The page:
Bolshoy Theatre Chorus and Orchestra
Rimsky-Korsakov 1908 CD: Opera d'Oro
Cat: OPD 1363
1952 Boris Christoff,
Nicolai Gedda,
Eugenia Zareska
Issay Dobrowen,
Orchestre National de la Radiodiffusion Française,
Recorded in the Théâtre des Champs-Élysées, Paris 7–21 July
Rimsky-Korsakov 1908 CD: Brilliant Classics Opera Collection
Cat: 93926
1954 Miroslav Čangalović,
Miro Branjnik,
Melanie Bugarinovich
Kreshimir Baranovich,
Belgrade National Opera Orchestra
Rimsky-Korsakov 1908 33rpm LP: London
Cat: XLLA 31
1954 Aleksandr Pirogov,
Georgiy Nelepp,
Larisa Avdeyeva
Vasiliy Nebolsin,
Bolshoy Theatre Chorus and Orchestra
Rimsky-Korsakov 1908 DVD Video: Video Artists International
Cat: VAI 4253
1962 Boris Christoff,
Dimiter Uzunov,
Evelyn Lear
André Cluytens,
Orchestre de la Societe des Concerts du Conservatoire
Rimsky-Korsakov 1908 CD: EMI
Cat: 5 67877-2
1962 Ivan Petrov,
Vladimir Ivanovsky,
Irina Arkhipova
Aleksandr Melik-Pashayev,
Bolshoy Theatre Chorus and Orchestra
Rimsky-Korsakov 1908 CD: Melodiya
Cat: MEL CD 10 00764
1963 George London,
Vladimir Ivanovsky,
Irina Arkhipova
Aleksandr Melik-Pashayev,
Bolshoy Theatre Chorus and Orchestra
Rimsky-Korsakov 1908 CD: Sony
Cat: SM3K 52571
1967 Miroslav Čangalović,
Ljubomir Bodurov,
Breda Kalef
Dushan Miladinovic,
Belgrade Opera Chorus and Orchestra
Shostakovich 1940 CD: Arkadia
Cat: MP 492.3
1970 Nicolai Ghiaurov,
Ludovic Spiess,
Galina Vishnevskaya
Herbert von Karajan,
Wiener Philharmoniker
Rimsky-Korsakov 1908 CD: Decca
Cat: 000747902
1973 Nikola Ghiuselev,
Dimiter Damiano,
Alexandrina Milcheva
Assen Naidenov,
Sofia National Opera Chorus and Orchestra
Rimsky-Korsakov 1908 CD: Fidelio
Cat: D 1824–26
1976 Martti Talvela,
Nicolai Gedda,
Bożena Kinasz
Jerzy Semkow,
Polish Radio National Symphony Orchestra, Polish Radio Chorus of Kraków
Mussorgsky 1872 CD: EMI
Cat: 5 09178
1978 Yevgeny Nesterenko,
Vladislav Piavko,
Irina Arkhipova
Boris Khaykin,
Bolshoy Theatre Chorus and Orchestra
Rimsky-Korsakov 1908 DVD: Via Classic
Cat: 5 99278-9
1983 Aleksandr Vedernikov,
Piavko,
Irina Arkhipova
Vladimir Fedoseyev,
USSR State Radio and Television Symphony Orchestra and Chorus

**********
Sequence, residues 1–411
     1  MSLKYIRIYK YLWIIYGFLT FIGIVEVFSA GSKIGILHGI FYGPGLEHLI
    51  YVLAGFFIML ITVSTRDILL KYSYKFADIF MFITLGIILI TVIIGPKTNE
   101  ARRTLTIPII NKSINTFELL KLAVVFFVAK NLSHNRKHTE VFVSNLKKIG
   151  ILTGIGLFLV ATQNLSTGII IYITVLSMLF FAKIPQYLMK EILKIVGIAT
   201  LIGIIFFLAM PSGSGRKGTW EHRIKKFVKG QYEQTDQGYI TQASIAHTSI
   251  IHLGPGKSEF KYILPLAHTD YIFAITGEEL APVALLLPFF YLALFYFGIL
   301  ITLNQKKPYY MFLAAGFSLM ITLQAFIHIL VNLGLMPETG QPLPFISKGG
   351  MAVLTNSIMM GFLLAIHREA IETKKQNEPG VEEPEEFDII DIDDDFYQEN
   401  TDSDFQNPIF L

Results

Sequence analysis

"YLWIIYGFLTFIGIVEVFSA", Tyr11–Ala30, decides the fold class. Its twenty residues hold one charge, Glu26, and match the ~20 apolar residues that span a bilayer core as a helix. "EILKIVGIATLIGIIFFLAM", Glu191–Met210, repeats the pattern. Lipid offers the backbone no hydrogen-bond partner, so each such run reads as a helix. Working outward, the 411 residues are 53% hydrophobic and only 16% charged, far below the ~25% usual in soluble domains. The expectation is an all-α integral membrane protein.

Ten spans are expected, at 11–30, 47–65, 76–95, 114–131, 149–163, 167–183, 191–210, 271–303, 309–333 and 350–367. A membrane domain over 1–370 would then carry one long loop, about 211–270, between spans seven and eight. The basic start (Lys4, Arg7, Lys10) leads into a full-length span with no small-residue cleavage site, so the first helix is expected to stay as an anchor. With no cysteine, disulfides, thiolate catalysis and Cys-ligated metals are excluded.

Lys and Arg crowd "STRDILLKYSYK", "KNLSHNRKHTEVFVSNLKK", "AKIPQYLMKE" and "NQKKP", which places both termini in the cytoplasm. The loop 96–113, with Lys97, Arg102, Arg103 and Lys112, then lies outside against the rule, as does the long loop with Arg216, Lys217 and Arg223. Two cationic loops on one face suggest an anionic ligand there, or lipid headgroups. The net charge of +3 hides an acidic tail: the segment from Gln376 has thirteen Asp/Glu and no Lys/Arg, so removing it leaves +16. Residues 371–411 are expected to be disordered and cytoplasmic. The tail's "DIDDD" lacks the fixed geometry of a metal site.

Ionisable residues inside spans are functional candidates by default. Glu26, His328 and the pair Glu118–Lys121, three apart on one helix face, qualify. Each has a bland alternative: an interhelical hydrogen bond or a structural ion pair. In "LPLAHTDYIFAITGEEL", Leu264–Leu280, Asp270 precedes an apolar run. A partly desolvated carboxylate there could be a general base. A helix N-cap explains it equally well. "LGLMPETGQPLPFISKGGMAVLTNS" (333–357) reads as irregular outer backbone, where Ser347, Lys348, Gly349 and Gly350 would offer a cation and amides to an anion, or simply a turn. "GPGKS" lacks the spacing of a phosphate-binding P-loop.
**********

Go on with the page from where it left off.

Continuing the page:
Mussorgsky 1872 CD: Philips
Cat: 412 281–2
1985 Yevgeny Nesterenko,
Vladimir Atlantov,
Elena Obraztsova
Mark Ermler,
Bolshoi Theatre Chorus and Orchestra
Rimsky-Korsakov 1908 CD: Regis Records
Cat: RRC 3006
1986 Aage Haugland,
Stig Fogh Andersen,
??
Dmitri Kitaienko,
Danish Radio Symphony Orchestra and Choir
Mussorgsky 1872 CD: Kontrapunkt
Cat: 32036-32037
1986 Nicolai Ghiaurov,
Michail Svetlev,
Stefka Mineva
Emil Tchakarov,
Sofia Festival Orchestra, Sofia National Opera Chorus
Mussorgsky 1872 CD: Sony
Cat: S3K 45763
1987 Yevgeny Nesterenko,
Vladislav Piavko,
Tamara Sinyavskaya
Alexander Lazarev,
Bolshoi Theatre Chorus and Orchestra
Rimsky-Korsakov 1908 DVD: 6991811
Cat: 6991811
1987 Ruggero Raimondi,
Vyacheslav Polozov,
Galina Vishnevskaya
Mstislav Rostropovich,
National Symphony Orchestra,
The Choral Arts Society of Washington and Oratorio Society of Washington, D.C.
Mussorgsky 1872 Audio: ERATO
Cat: 2292-45418-2
1990 Robert Lloyd,
Alexei Steblianko,
Olga Borodina
Valery Gergiev,
Kirov Opera Chorus and Orchestra
Mussorgsky 1872 DVD: Philips
Cat: 075 089-9
1993 Anatoly Kocherga,
Sergej Larin,
Marjana Lipovšek
Claudio Abbado,
Berliner Philharmoniker, Slovak Philharmonic Chorus, Rundfunkchor Berlin
Mussorgsky 1872 CD: Sony «Classical»
Cat: S3K 58977
1997 Nikolai Putilin,
Viktor Lutsyuk,
??
Valery Gergiev,
Kirov Opera Chorus and Orchestra
Mussorgsky 1869 Audio: Philips
Cat: 462 230–2
1997 Vladimir Vaneyev,
Vladimir Galusin,
Olga Borodina
Valery Gergiev,
Kirov Opera Chorus and Orchestra
Mussorgsky 1872 Audio: Philips
Cat: 462 230–2

Related works[edit]

References[edit]

Notes

  1. ^ Calvocoressi, Abraham (1974: pp. 98, 138)
  2. ^ Brown (1986: p 31)
  3. ^ Taruskin (1993: p. 202)
  4. ^ Taruskin (1993: p. 204)
  5. ^ a b Emerson (1988: p. 237)
  6. ^ a b Oldani (1982: p. 7)
  7. ^ Oldani (1982: p. 12)
  8. ^ Opera Discography